Bob Stepno's Other Journalism Weblog
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Sunday, December 11, 2005

Now that everyone but me has DSL at home, video weblogs are probably going to take off the way audio podcasts did earlier this year. (OK, so Apple's video iPod might have something to do with it, too.)

Sunday's New York Times has Amanda Congdon's name up in caps, featuring her and under the headline, TV Stardom on $20 a Day. That's a reference to both Rocketboom's being featured in Apple's video iPod introduction and its cutting a deal with TiVo... So now Amanda (and presumably Rocketboom correspondents like Steve Garfield) will reach audiences who prefer their video on a bigger screen with a remote control. That combination is something fans of TiVo have been talking about hacking together for months.

Sidebar: If you haven't seen them yet, here are Rocketboom's "about" page, and Amanda's informative intro to blogs and vlogs. Also, Steve Garfield was showing how to do this "video podcast" stuff a year before Apple got into the act.

Meanwhile, I just noticed that the Times website has started offering its own podcasts: A "come into the tent" sample is free, but most of the audio is part of the "Times Select" subscription service. "Every Monday, an audio version of one Op-Ed column will be podcast for free," the Times says, but you apparently won't have Maureen Dowd herself whispering sweet nothings into your ear -- professional announcers are recording the columns through a Times deal with

There's also evidence that the Times is "getting clueful about blogging, sort of,"as Corante's Stowe Boyd put it. See the L.A. Observer story with a Times memo on the topic, and "Carpetbagger," the Times movie- related blog, complete with bloggish features like an RSS feed and comment links.

By the way, like the rest of us, the Times still has trouble sometimes keeping up with changes in the technology scene: One of the Times's links on its podcast page, labelled "ipodder (PC)," goes to the "million-seller" (free, donations accepted) project thatDownload Juice podcast receiver started under that name and adopted a lemon as its icon last year... until a computer company with another fruit for its name apparently started telling podcast-software developers to find names less like its iPod trademark. The lemon group chose "Juice" (short for Juice Receiver).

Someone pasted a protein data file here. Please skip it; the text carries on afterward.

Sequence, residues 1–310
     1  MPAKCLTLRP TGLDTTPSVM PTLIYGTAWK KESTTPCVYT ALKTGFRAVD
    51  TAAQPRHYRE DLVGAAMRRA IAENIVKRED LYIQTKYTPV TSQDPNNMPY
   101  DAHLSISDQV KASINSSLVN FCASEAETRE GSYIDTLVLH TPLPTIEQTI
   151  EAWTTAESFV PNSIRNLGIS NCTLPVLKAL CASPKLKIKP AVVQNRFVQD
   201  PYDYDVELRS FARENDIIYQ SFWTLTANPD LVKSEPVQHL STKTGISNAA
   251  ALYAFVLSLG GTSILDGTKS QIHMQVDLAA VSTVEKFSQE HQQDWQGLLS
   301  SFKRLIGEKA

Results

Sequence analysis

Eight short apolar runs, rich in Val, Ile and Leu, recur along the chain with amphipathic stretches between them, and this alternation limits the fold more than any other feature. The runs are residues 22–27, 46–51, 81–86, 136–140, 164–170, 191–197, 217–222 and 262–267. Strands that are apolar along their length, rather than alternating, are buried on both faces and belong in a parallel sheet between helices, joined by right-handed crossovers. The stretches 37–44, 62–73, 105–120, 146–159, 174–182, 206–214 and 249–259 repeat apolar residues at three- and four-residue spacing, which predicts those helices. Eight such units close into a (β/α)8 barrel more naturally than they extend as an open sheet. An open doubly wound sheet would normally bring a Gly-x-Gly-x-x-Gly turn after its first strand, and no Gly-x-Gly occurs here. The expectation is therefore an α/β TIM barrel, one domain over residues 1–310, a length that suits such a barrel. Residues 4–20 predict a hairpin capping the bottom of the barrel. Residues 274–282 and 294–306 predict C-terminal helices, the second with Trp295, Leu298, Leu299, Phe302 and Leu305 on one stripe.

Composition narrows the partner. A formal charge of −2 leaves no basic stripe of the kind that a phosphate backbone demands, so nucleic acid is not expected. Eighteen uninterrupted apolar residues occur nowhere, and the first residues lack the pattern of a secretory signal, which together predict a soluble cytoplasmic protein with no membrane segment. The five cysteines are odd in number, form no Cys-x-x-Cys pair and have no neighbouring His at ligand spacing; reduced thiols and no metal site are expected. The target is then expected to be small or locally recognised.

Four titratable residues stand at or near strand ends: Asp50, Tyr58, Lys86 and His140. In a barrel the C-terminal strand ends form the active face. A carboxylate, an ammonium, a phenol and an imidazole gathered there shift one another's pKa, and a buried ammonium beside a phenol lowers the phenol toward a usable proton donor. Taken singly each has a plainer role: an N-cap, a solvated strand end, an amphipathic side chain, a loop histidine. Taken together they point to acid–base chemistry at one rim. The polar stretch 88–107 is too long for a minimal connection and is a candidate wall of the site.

The parenthetical "PC" in the Times is wrong, too. From the beginning, there has been a Macintosh version as well as a Windows version... and a "GNU/Linux Soon" sign. In fact, every program mentioned here is available for both Mac and Windows.

Another Mac-and-Windows podcast collector, iPodderX, is having a contest to find itself a new name. "Exaggerator" might be a good one, since it claims to be "the world's very first Media Aggregator." Thousands of us were able to collect "podcast" style media files with Radio Userland (which we use to write our blogs and aggregate RSS feeds) for a couple of years before podcasting got its name, as my pod/vlog history page explains in ridiculous detail. (Unlike the Wikipedia podcasting page, which I've also contributed to, I'm the only one responsible for mistakes on my own page -- and I'll fix any you tell me about.)

The first podcast receivers were simple scripts that dragged the media files from Radio's in-basket into iTunes, to be played or loaded on an iPod. Earlier this year,Get Fireant Apple added aggregating ability to iTunes itself, but all of these "middleman" applications are hardly obsolete. They don't have the commercial distractions of Apple's iTunes Music Store, and they are adding features left and right to compete. Fireant, on the other hand, focused on being an aggregator for video feeds before Apple got into that business.

I still love the fact that the "ANT" in its name stands for "Ant is Not TV," even if the Fireant developers' friends at Rocketboom are being seen on old-fashioned TV via TiVo now... thanks to that deal that caught the attention of the Times... which neatly puts this blog entry back where it started.

1:15:00 PM    comment []

A Little Sleuthing Unmasks Writer of Wikipedia Prank  is the headline on The New York Times' report today about a critic of Wikipedia unmasking a Nashville man who trashed the reputation of former Nashville Tennessean editor John Seigenthaler Sr.

The falsehood prompted Seigenthaler, 78,  to write a USA Today column Nov. 30 about the "Internet character assasination,"which stayed online for months, and his difficulty getting Wikipedia to set the record straight. His article added a distinguished voice to recent debates over the level of trust people should or shouldn't put in an "anyone can edit this age" encyclopedia.

The Times credited Daniel Brandt of San Antonio, operator of,  with identifying the culprit -- and said the man's  confession came only after a Times  reporter called the shipping company where he worked and "made employees nervous."
Brandt's website describes how he tracked the Internet service provider's numerical address left behind on the "history" page of the Wikipedia editing system, and includes a copy of Seigenthaler's USA Today piece.
3:31:20 AM    comment []

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